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Kylotan    9866
Quote:
Original post by snk_kid
Quote:
Original post by Hodgman
Quote:
Original post by snk_kid
Yes there is something like that which is between std::vector and std::list it's called std::deque and adding/removing elements on the front and back do not invalidate iterators.

Is my documentation out of date?
Quote:
http://www.sgi.com/tech/stl/Deque.html
The semantics of iterator invalidation for deque is as follows. Insert (including push_front and push_back) invalidates all iterators that refer to a deque. Erase in the middle of a deque invalidates all iterators that refer to the deque. Erase at the beginning or end of a deque (including pop_front and pop_back) invalidates an iterator only if it points to the erased element.


SGI documentation is not the C++ ISO standard period. I am correct but i made a very minor error in my statement this is what the standard states:

Quote:
Effects of insertion on a deque from ISO/IEC 14882:2003 C++
An insert in the middle of the deque invalidates all the iterators and references to elements of the deque. An insert at either end of the deque invalidates all the iterators to the deque, but has no effect on the validity of references to elements of the deque.



Hmm... that came across as a little bit rude, considering that the poster you're replying to went to the effort of looking up documentation on the structure - widely-respected documentation, at that.

Besides which, what the standard says is completely irrelevant in these discussions if it's not the way things are actually implemented. Just something to bear in mind.

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snk_kid    1312
Quote:
Original post by Kylotan
Besides which, what the standard says is completely irrelevant in these discussions if it's not the way things are actually implemented.


If that is the case then SGI's docs are more irrelevant since the majority of people on these boards are not using SGI's implementation of the standard library, and yes it is "actually implemented" like that. If your compiler's implementation does not behave accordingly then it's not standard conforming and is buggy.

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ToohrVyk    1595
Quote:
Original post by snk_kid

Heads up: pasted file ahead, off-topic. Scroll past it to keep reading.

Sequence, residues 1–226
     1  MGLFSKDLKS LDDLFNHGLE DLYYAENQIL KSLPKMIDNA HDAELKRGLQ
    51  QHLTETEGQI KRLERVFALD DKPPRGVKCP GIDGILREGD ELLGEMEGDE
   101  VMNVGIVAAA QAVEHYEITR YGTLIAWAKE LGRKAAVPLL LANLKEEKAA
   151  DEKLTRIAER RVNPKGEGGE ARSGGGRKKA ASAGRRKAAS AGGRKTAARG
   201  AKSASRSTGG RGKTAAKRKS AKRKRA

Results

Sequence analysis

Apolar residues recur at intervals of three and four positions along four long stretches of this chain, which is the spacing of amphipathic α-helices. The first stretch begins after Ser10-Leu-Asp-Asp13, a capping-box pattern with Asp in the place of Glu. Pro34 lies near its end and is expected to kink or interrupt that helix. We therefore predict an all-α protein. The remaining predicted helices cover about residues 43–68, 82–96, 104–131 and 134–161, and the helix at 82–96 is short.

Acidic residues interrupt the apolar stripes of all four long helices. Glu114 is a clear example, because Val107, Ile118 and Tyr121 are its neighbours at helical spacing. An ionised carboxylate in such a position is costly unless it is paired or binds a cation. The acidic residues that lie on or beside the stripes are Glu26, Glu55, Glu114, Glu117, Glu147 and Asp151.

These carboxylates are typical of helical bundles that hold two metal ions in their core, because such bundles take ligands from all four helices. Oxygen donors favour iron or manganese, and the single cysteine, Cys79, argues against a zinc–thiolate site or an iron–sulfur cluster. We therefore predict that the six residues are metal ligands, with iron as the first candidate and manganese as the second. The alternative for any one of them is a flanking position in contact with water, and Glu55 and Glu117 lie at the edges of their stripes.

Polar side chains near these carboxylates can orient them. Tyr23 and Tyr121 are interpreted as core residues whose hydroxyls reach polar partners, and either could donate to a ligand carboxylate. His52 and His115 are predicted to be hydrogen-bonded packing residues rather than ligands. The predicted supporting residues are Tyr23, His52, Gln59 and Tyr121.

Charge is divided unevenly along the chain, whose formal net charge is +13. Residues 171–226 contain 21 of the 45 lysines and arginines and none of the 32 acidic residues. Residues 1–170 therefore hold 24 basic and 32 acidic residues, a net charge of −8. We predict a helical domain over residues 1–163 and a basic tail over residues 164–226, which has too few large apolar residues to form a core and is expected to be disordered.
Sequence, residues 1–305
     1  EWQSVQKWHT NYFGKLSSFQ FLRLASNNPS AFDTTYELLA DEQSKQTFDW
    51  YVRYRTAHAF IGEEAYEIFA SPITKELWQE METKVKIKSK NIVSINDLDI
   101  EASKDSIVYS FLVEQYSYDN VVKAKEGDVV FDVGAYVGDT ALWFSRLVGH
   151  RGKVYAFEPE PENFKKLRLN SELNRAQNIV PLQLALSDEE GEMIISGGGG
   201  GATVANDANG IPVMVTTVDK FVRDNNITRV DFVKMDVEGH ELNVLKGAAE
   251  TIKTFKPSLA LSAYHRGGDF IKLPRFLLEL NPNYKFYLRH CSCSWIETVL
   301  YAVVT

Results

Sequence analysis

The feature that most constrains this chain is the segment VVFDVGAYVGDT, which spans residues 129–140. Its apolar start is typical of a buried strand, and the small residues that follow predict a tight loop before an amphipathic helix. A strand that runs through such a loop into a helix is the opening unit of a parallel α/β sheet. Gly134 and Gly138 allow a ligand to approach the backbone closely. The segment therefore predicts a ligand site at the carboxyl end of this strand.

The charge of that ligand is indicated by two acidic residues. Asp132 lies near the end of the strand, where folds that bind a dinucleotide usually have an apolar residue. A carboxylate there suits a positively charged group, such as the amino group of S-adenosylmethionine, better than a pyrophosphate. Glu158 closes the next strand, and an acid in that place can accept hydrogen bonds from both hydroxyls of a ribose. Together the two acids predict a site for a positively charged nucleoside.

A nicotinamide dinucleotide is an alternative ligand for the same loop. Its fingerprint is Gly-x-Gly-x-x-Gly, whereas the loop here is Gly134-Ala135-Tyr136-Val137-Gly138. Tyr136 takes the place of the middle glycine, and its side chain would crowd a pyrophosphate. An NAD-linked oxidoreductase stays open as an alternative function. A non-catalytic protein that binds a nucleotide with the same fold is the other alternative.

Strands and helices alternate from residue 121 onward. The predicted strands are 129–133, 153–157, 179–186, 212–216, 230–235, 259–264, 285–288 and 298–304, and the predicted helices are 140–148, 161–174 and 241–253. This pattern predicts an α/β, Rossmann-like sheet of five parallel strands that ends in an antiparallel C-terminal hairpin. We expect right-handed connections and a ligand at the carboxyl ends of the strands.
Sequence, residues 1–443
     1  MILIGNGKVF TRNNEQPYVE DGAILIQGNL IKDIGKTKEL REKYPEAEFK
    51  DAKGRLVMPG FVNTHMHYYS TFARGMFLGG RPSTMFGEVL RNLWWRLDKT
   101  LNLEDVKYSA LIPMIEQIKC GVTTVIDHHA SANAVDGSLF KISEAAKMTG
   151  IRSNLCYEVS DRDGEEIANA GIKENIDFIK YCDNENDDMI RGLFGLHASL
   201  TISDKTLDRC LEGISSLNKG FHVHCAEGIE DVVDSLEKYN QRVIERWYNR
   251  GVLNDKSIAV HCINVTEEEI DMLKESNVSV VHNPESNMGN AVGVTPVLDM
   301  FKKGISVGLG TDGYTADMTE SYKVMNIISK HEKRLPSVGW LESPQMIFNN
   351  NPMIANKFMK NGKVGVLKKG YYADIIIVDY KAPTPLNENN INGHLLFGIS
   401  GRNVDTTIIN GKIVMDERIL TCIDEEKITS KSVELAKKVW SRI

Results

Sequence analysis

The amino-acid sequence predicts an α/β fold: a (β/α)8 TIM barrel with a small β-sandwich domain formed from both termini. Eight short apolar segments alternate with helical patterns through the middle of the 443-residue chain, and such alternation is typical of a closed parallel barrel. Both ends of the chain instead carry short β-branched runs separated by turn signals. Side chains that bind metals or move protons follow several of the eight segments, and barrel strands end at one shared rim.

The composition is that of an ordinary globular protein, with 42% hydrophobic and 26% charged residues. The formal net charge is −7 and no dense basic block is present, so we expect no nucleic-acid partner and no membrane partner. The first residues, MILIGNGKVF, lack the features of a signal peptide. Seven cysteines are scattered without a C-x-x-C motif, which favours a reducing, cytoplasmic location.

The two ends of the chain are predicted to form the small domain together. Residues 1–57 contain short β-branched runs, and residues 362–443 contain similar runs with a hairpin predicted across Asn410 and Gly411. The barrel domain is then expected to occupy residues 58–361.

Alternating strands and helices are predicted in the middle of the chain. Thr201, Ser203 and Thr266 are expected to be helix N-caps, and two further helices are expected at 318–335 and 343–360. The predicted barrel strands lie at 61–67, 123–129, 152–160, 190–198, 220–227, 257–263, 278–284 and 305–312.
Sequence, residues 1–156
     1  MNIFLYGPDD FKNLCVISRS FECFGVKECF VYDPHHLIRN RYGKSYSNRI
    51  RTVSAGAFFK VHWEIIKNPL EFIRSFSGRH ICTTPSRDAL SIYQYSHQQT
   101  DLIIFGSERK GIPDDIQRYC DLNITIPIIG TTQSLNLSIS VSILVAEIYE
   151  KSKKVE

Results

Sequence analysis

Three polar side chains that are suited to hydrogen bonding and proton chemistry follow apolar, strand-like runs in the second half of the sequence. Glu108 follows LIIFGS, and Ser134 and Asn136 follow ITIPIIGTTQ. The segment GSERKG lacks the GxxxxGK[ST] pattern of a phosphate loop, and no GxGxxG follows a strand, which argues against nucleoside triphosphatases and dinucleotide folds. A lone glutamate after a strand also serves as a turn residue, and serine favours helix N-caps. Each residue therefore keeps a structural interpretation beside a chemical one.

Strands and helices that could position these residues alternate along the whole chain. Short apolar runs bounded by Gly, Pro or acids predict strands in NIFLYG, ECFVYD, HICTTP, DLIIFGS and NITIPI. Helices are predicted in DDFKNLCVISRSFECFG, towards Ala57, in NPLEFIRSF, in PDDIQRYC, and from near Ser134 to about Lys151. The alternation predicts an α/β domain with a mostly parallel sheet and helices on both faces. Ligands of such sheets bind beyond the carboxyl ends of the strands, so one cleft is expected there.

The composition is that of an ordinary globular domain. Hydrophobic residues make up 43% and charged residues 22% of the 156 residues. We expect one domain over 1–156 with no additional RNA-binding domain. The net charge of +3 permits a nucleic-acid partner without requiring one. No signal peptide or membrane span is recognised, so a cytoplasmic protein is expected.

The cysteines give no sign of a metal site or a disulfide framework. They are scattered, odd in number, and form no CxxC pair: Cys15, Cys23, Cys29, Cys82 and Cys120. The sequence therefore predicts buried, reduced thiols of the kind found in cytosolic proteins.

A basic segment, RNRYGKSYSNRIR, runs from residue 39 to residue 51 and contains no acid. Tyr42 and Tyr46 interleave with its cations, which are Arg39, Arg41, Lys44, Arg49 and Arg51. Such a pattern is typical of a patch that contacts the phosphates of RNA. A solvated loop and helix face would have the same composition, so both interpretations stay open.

SGI documentation is not the C++ ISO standard period.


Sigh. You say this as if it matters in this particular case. It doesn't: both the SGI documentation and the C++ ISO standard say that iterators to elements of a deque are invalidated by insertion, which contradicts your initial assertion that they are not.

The mature thing to do here would be to admit that there was an error in your wording, and that it was in fact references, not iterators, which are not invalidated by insertion (something the SGI documentation quoted above doesn't contradict); perhaps with a passing remark that the correct reference for SC++L constructs is the C++ ISO standard and not the SGI documentation.

Snapping at someone for what is ultimately an irrelevant detail in this discussion, as if it was in fact a central point of contention, is just silly.

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snk_kid    1312
Quote:
Original post by ToohrVyk
The mature thing to do here would be to admit that there was an error in your wording, and that it was in fact references, not iterators, which are not invalidated by insertion (something the SGI documentation quoted above doesn't contradict); perhaps with a passing remark that the correct reference for SC++L constructs is the C++ ISO standard and not the SGI documentation.


That is exactly what i said and i did say i made an error in wording.

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Hodgman    51234
Quote:
Original post by snk_kid
SGI documentation is not the C++ ISO standard period. I am correct but i made a very minor error

I was just asking if the documentation I was using was out of date... No need to be so defensive, or to rate me down...